Sidney Horotwitz

Mason here, with an update that didn’t make it past the editor’s chopping block.  I mentioned Sidney Horowitz once or twice in Perk Noir, but didn’t go into details.  All you got out of my Sidney ramblings was that Horowitz owned the joint between Ronnie Rivers and Brett Barlow.  You deserve more, seeing as Sidney’s tenure as owner almost ruined the Perk.  If Ronnie hadn’t been in such a jam, he’d have found a better buyer, but time was running short on the old blues guitarist.  He handed over the keys to Sidney and bolted town without even bothering to collect his things.

Sidney’s calamities are entrenched Perklore and, as such, handed down to new Perkheads as sacred canon.  His role in the history of Perk Noir was that of a villain, not a hero.  It was his fault so many Lightning treasures were lost or damaged, the result of Sidney simply not caring.

It was before my time, but Perklore remembers Sidney as a small, balding, disheveled, white man favoring wrinkly grey suits and bad ties.  I picture him as looking sort of like my agent, Myron Wolshevki, but without any of Myron’s Bronx panache.  I’ve been told that Sidney resembled an accountant you’d find toiling away in the last row of cubicles, but the truth was worse.  Horowitz was the night manager at a local multiplex and he saved a nickel from every bucket of popcorn he sold since he started working there at the age of thirteen.

In 1996, Sidney plunked down his popcorn slush fund and bought Perk Noir for a lark because of Ronnie’s troubles.  Sidney dreamt of transforming the Perk into a hip dance club.  He took down every piece of Lightning memorabilia and replaced them with TVs showing MTV videos and parties from Euro synthotheques.  He carelessly packed Lightning’s priceless treasures into cardboard storage boxes and tossed them haphazardly into the basement, where they were exposed to damp floors, drippy ceilings, bugs with more than eight legs, and all-purpose basement sludge.  All that remained of Lightning’s legacy were the famous black and blue granite countertops and steel fixtures, which were too expensive to replace.  Without a liquor license though, Sidney’s dream was doomed to fail.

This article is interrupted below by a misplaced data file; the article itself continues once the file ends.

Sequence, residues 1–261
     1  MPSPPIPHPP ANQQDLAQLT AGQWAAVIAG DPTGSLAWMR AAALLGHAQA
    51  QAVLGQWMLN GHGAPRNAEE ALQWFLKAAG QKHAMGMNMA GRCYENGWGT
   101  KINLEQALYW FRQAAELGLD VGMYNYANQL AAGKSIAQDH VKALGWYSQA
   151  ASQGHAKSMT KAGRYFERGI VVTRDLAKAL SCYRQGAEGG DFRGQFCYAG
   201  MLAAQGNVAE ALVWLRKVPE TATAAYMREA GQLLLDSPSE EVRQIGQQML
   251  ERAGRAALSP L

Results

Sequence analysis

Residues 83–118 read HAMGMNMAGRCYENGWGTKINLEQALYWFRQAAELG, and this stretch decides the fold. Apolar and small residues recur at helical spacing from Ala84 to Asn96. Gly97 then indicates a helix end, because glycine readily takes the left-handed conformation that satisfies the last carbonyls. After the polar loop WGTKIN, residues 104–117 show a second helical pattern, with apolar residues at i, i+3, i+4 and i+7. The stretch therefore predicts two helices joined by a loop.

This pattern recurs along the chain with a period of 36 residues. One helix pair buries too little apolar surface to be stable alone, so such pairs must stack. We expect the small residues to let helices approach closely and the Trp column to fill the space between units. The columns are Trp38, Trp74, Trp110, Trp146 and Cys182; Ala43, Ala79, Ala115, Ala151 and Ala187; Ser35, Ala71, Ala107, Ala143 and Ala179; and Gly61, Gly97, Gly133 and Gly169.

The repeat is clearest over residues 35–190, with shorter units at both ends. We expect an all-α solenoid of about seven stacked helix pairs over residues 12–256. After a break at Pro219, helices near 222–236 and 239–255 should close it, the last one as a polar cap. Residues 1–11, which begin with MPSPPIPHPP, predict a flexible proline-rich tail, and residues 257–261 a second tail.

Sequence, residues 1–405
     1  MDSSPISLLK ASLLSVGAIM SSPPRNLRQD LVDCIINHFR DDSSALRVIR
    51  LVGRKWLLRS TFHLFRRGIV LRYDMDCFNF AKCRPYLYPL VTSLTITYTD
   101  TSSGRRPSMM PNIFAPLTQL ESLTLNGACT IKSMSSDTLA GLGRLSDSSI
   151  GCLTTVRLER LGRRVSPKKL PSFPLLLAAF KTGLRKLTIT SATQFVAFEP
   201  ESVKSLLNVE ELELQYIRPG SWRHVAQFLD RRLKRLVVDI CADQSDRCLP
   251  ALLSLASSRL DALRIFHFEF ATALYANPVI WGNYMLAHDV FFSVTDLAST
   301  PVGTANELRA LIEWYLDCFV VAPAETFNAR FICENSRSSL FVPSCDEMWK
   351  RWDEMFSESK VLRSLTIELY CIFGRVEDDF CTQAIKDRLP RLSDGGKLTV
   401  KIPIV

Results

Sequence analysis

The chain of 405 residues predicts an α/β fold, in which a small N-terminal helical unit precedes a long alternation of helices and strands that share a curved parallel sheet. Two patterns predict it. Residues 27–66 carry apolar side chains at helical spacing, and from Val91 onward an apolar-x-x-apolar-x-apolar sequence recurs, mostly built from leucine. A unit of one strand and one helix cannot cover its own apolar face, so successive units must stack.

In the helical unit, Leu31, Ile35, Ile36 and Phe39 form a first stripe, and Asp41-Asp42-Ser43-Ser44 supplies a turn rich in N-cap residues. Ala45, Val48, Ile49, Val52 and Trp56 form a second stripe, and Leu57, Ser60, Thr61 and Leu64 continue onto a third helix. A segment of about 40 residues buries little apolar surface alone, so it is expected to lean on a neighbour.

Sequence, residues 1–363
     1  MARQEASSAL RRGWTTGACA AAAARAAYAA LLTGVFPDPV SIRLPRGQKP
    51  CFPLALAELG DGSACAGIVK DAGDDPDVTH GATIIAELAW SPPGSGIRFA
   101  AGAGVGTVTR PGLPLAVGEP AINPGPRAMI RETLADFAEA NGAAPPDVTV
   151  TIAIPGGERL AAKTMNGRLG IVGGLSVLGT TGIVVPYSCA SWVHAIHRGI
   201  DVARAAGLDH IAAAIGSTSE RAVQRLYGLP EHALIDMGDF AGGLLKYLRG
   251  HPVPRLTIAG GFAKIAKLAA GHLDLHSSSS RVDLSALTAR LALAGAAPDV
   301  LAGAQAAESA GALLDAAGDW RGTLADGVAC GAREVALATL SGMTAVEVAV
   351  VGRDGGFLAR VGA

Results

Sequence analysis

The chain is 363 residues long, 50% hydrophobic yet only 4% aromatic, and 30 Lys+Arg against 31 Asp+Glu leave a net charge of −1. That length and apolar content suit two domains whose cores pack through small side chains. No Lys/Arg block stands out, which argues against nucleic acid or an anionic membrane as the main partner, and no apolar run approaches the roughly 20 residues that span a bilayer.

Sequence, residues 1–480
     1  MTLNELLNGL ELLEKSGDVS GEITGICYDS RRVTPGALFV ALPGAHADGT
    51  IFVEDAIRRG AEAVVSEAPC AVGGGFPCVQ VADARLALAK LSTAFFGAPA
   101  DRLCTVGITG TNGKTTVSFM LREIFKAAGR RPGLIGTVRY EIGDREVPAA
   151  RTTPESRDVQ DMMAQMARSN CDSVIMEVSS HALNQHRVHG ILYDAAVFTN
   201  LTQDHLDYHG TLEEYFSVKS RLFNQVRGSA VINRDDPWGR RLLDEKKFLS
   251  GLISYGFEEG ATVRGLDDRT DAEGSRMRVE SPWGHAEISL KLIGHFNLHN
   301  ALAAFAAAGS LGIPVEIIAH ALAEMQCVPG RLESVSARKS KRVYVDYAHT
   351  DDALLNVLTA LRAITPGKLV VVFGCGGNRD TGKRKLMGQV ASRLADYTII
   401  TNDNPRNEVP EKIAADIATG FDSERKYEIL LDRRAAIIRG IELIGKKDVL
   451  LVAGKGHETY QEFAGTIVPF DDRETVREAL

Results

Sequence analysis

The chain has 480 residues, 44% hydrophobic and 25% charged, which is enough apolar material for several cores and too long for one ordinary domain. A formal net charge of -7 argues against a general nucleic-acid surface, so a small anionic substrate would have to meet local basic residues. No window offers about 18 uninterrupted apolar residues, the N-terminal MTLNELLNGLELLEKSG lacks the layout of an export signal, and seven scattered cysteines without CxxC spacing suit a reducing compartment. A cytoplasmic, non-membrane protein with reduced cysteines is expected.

In 1999, a broke and disheartened Sidney handed over the Perk’s keys over to Brett Barlow, who had cash to burn and a healthy reverence for Earl “Lightning” Perkins.  The first thing Brett did upon taking ownership of the Perk was tear out Sidney’s old-style CRT screens and restore the Perk’s original furnishings, a monumentally complex task.

Lightning had painstakingly documented each piece’s significance, tagging and bagging every article in the collection.  Sidney’s rough and tumble packing job ruined his careful annotations.  Documentation was lost, damaged and misplaced.  For Brett, sorting through it was like putting Humpty Dumpty back together again.  He spent hours down there after talking with Lockwood Jr. and others who’d known Lightning, the man.

Brett did the best he could.  Every Perkhead knows he made mistakes, but it’s not something we talk about.  One good thing came out of it though.  Brett’s basement cleanup fast tracked him into becoming the first Perklore kensai.

So, that’s enough on Sidney.  Now you know why no one recognized that the photo of the turn-of-the-century gentleman wearing a top hat and tails was of Gerard Bigelow.  It was all Sidney’s fault.

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